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The Biggest Tires on Stock Polaris Ranger Without Rubbing? – Complete Guide

Each year, more and more people buy themselves a brand new Polaris Ranger.

Can you guess what’s the first thing that they do? They put on a set of bigger and more aggressive tires, of course!

But what are the biggest tires on a stock Polaris Ranger that you can fit without rubbing?

Related: The Four Best Batteries for Polaris Sportsman 500


The Biggest Tires on Stock Polaris Ranger

The biggest tires that you can fit on a stock mid-size Polaris Ranger are 26″ on 12″ rims, and 27″ on 14″ rims.

If you’re running the stock 12″ rims, then you will need a 1/4 spacer in order to prevent the tires from rubbing on the tie rods. On the other hand, if you’ve got 14″ rims then you can run 27″ tires and still get a bit over 1 inch of clearance left.

Keep in mind that not all tires are true to size and some might rub while others will not. Even though the manufacturer states that the tire is 26″, it can oftentimes actually be 27 1/4″ while fully inflated. In case you’re looking for a recommendation – the ITP Mudlites measure true to size and are a very popular choice for the Polaris Ranger.

But what about width?

As far as tire width goes, you can put on pretty wide tires on a mid-size Polaris Ranger. With that said, most people run 9″ wide tires on the front and 12″ on the rear. This gives the best balance between light steering and traction, as the skinnier front tires are easier to turn and wide rear tires float over mud.

The Biggest Tires on a Stock Polaris Ranger 1000

The biggest tires that you can safely fit on a stock 2020-2021 Polaris Ranger 1000 are 30″. They won’t rub even without a lift kit, stock A-arms, or trimming the fenders.

A bunch of people managed to squeeze 32″ tires on their stock Rangers, however, that might not work out for everyone. Whether you can actually fit 32″ tires mainly comes down to how worn your shocks are and if the tires are true to size or not. If the shocks are pretty tired and sag down a bit, then 32″ tires will probably be too big.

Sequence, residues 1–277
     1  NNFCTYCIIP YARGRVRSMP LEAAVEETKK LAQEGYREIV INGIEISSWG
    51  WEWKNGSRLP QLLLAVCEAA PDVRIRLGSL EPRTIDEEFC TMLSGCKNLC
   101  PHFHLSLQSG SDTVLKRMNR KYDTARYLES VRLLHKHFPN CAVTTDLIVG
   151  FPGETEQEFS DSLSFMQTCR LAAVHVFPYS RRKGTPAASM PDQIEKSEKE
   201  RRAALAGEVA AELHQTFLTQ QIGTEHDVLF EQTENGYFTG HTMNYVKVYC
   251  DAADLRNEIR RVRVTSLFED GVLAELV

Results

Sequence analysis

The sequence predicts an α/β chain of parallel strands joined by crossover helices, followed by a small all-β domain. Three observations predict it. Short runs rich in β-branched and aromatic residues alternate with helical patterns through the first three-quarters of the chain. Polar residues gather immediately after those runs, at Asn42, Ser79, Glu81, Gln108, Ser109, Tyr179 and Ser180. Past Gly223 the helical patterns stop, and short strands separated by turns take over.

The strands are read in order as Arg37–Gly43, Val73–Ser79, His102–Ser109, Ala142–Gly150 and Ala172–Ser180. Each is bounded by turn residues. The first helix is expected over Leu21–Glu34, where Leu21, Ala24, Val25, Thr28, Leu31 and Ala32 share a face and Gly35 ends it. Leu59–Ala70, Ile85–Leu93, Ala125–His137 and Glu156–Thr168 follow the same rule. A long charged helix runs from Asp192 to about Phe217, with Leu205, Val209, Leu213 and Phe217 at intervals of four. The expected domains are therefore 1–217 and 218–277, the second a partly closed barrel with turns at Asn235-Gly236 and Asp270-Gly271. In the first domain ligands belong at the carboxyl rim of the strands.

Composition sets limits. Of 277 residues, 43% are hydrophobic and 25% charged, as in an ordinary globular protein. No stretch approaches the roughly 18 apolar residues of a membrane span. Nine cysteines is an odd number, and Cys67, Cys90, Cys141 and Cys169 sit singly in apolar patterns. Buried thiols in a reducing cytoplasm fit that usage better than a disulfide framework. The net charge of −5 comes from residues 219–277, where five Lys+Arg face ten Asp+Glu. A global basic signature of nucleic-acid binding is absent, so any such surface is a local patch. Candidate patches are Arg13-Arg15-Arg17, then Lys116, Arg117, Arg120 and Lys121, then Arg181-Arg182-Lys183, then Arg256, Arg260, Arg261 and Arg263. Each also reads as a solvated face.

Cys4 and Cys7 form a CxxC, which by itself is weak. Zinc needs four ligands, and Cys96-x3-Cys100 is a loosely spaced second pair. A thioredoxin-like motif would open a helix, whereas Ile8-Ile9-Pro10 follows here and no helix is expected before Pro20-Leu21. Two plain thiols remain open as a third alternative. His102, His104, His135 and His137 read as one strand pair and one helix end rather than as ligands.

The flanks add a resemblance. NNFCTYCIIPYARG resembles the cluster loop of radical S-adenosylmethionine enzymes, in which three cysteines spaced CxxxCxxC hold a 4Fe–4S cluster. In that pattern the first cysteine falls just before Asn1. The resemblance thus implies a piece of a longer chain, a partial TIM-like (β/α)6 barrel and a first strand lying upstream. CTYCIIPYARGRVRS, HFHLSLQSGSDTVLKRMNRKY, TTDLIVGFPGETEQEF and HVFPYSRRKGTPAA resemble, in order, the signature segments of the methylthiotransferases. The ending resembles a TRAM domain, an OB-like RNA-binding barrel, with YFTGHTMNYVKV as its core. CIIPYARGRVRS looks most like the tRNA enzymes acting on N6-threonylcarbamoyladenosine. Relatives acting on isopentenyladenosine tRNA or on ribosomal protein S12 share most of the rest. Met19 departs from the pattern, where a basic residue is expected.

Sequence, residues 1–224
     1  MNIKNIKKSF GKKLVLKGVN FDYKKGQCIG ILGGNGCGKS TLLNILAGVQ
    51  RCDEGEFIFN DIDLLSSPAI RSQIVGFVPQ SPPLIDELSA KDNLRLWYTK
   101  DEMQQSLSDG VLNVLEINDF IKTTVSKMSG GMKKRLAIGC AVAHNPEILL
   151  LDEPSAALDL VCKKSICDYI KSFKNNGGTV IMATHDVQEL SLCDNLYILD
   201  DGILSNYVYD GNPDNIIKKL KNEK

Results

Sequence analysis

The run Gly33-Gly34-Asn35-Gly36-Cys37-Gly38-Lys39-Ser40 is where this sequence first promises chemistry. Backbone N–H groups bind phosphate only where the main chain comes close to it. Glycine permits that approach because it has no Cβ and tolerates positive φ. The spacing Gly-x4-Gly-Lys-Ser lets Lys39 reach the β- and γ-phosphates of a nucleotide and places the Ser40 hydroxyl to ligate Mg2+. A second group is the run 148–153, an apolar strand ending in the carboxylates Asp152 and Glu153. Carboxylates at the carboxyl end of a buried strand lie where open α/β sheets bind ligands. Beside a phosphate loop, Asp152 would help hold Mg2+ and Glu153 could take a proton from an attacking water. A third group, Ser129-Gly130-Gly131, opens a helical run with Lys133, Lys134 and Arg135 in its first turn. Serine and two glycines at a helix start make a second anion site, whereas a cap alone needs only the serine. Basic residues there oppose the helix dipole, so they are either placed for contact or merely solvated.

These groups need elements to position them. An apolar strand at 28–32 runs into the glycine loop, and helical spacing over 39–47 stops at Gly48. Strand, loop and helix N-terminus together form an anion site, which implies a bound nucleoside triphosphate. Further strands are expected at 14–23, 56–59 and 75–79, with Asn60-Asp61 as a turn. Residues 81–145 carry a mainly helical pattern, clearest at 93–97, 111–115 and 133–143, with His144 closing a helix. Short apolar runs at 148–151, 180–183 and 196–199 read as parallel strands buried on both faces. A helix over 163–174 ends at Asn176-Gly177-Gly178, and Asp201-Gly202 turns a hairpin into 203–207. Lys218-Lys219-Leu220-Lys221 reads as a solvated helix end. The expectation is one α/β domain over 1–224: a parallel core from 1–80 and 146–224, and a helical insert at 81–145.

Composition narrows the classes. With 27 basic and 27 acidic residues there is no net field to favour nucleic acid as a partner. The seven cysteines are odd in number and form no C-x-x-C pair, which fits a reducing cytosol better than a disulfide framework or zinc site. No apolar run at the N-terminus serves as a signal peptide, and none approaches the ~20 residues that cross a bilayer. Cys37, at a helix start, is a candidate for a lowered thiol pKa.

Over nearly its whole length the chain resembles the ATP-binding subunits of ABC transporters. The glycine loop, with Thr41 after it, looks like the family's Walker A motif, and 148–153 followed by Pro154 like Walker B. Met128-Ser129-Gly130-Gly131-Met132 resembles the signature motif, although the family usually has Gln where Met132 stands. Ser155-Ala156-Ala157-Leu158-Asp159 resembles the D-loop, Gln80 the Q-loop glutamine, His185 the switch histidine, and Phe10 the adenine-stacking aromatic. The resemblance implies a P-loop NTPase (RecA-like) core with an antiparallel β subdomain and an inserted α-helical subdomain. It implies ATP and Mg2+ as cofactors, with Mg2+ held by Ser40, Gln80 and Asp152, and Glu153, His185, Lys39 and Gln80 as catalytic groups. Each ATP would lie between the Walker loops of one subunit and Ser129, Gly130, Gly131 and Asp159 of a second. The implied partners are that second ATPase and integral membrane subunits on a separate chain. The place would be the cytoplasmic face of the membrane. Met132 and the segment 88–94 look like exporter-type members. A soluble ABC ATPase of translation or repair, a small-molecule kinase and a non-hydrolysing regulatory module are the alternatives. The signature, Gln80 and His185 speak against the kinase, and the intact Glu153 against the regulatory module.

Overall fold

Related: Biggest Tires on Stock Honda Rancher 420

How to Fit Even Bigger Tires on a Polaris Ranger

You can fit even bigger tires on a Polaris Ranger with just a few mods. Here are the pros and cons of each.

2″ Offset Forward A-Arms

The first and by far the most cost-effective mod that you can to your Polaris Ranger are the 2″ forward A-arms.

The 2″ forward A-arms will move your hubs forward by 2 inches and allow room for 2-3″ more inches of tire. That means you’ll be able to easily fit 28″ tires on a mid-size Ranger, and 33″ tires on a Ranger XP 1000.

But that is just the start. Offset front A-arms are also arched to give you at least 1.5″ of ground clearance in addition to more space for bigger tires.

Furthermore, since the offset forward A-arms move the hub forward, they will also increase the wheelbase on your Ranger, which increases stability while climbing hills and crawling over rocky paths.

Lastly, offset forward A-arms are always made much stronger than OEM ones and it’s pretty much impossible to break them.

Lift Kits

A lift kit is probably the most popular way to fit bigger tires on a Polaris Ranger.

Not only are lift kits very inexpensive, but they will also give you more room to fit at least 2-3 inch larger tires. What’s not to love?

Luckily, there are a lot of lift kits for the Polaris Ranger, so you can easily choose if you want to go with the most popular 3″ lift kit or a serious 5″ and even more.

Big lift kits will usually come with offset A-arms, axles, tie rods, etc., and will give you huge tire clearance, though they are expensive.

Portal Gear Lifts

Portals are absolutely incredible. They will lift your Polaris Ranger by 4″, 6″, or even 8″ while also maintaining torque due to built-in gear reduction.

You might not realize, but lifting your Ranger and/or running bigger tires will rob your engine of power and cause your drivetrain to wear out much quicker.

Big and aggressive tires are much harder to turn and therefore cause more wear to your transmission and differential, while a lift kit can put your CV axles at an awkward angle. All of that is taken care of with Portal Gears.

Portal Gears replace your OEM hubs with small gearboxes that reduce gearing and bring back lost torque, if not increase it. This means that you can run really huge and aggressive tires without losing power or causing increased wear on your drivetrain.

Furthermore, portals will maintain the proper operating angle of the CV axles as if you had no lift at all.

With that said, the only downside to a portal gear lift is the cost. They are very expensive and cost upwards of a few thousand dollars.

Final Thoughts

The Polaris Ranger is an incredible UTV, but it can be even better with a set of bigger and more aggressive tires.

However, you are limited to 26″ tires on stock 12″ rims on mid-size Rangers, and 30″ tires on the XP 1000.

If you want even bigger tires, then you can make room for them by either buying offset front A-arms, a lift kit, or portal gears.

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